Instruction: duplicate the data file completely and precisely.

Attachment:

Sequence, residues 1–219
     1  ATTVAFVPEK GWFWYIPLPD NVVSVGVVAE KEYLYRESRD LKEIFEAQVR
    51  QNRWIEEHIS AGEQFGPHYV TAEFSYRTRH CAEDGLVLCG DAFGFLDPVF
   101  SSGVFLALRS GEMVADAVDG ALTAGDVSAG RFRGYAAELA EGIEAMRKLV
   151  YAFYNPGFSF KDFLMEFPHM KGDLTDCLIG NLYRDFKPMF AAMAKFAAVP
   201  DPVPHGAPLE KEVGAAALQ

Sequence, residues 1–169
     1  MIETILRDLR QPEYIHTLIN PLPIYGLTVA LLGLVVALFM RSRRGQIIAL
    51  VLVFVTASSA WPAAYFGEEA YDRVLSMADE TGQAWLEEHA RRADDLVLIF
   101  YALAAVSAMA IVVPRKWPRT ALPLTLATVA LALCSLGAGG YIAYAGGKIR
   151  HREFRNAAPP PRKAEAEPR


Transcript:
Sequence, residues 1–219
     1  ATTVAFVPEK GWFWYIPLPD NVVSVGVVAE KEYLYRESRD LKEIFEAQVR
    51  QNRWIEEHIS AGEQFGPHYV TAEFSYRTRH CAEDGLVLCG DAFGFLDPVF
   101  SSGVFLALRS GEMVADAVDG ALTAGDVSAG RFRGYAAELA EGIEAMRKLV
   151  YAFYNPGFSF KDFLMEFPHM KGDLTDCLIG NLYRDFKPMF AAMAKFAAVP
   201  DPVPHGAPLE KEVGAAALQ

Sequence, residues 1–169
     1  MIETILRDLR QPEYIHTLIN PLPIYGLTVA LLGLVVALFM RSRRGQIIAL
    51  VLVFVTASSA WPAAYFGEEA YDRVLSMADE TGQAWLEEHA RRADDLVLIF
   101  YALAAVSAMA IVVPRKWPRT ALPLTLATVA LALCSLGAGG YIAYAGGKIR
   151  HREFRNAAPP PRKAEAEPR